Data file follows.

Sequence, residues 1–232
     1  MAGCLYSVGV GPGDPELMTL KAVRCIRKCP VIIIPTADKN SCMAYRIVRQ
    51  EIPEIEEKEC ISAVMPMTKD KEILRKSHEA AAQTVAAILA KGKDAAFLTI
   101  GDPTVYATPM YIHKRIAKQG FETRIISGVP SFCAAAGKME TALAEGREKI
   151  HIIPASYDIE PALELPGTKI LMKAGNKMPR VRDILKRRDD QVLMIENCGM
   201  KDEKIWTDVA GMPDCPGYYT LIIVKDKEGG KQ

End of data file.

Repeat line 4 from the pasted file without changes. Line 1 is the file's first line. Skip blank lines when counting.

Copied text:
   101  GDPTVYATPM YIHKRIAKQG FETRIISGVP SFCAAAGKME TALAEGREKI